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2007 Jan 10 18:23

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Re: [vox-tech] Apple & Linux
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Re: [vox-tech] Apple & Linux



On Wednesday 10 January 2007 17:47, Matin Hashemi wrote:
> Hi Stuart
>
> Thanks for the detailed information..... I "thought" these virtual
> machines (Parallels, VMWare, etc) work a lot slower. A few years ago
> I used VMWare on my 800MHz AMD-based PC to write/run a few small
> programming class projects and it was like 20X slower than when I
> installed Fedora as a secondary OS. But I guess the world has changed
> a lot :-)
> http://en.wikipedia.org/wiki/Vanderpool
>
> I'm sure there is still some performance penalty. You said you are
> using those softwares; How much slower is it when you run some
> Win/Linux application in VMWare comparing to when you run it in a
> real Win/Linux OS? like 10%? it would be awesome then.....

"Virtual Machines" is a pretty big tent, and there's several kinds that 
operate in several different ways:
 * Application level, like the Java virtual machine, or the .NET virtual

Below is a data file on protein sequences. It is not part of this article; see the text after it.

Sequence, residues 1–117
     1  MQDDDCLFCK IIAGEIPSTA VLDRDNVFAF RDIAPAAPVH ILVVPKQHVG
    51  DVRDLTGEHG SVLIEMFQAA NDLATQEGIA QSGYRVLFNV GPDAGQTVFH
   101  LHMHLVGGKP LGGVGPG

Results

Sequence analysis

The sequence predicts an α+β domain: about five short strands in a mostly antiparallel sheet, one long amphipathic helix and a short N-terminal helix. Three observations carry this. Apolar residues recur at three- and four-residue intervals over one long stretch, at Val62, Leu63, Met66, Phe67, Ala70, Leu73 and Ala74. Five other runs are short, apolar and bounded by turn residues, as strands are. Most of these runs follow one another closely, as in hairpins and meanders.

machine that contain one program.
 * System level, like Xen or VMWare

on another dimension:
 * Those that run programs written for the same kind of processor as the 
VM itself runs on, (running x86 programs on an x86 processor inside a 
guest OS). For example, VMWare
 * Those that run programs written for one processor on a different kind 
of processor (running PowerPC programs on x86, or m68k programs on 
PowerPC) For example, QEMU, Rosetta, and Apple's 68k emulator of yore, 
and those old version of Virtual PC that used to run on Macs.

It's the last kind that run very much slower than the processor they run 
on. VMWare has always been the a system-level VM for running a program 
on the same architecture as the virtual machine itself runs. That 
*should* be pretty fast. The processor itself can do all of the heavy 
lifting, and the virtual machine only has to catch various types of 
hardware accesses and emulate them.

There's one last thing that can bog things down greatly, and that's RAM. 
With two operating systems, you need to be sure they can both fit in 
RAM, otherwise things will start swapping and slow down a lot.

--Ken

-- 
Ken Bloom. PhD candidate. Linguistic Cognition Laboratory.
Department of Computer Science. Illinois Institute of Technology.
http://www.iit.edu/~kbloom1/

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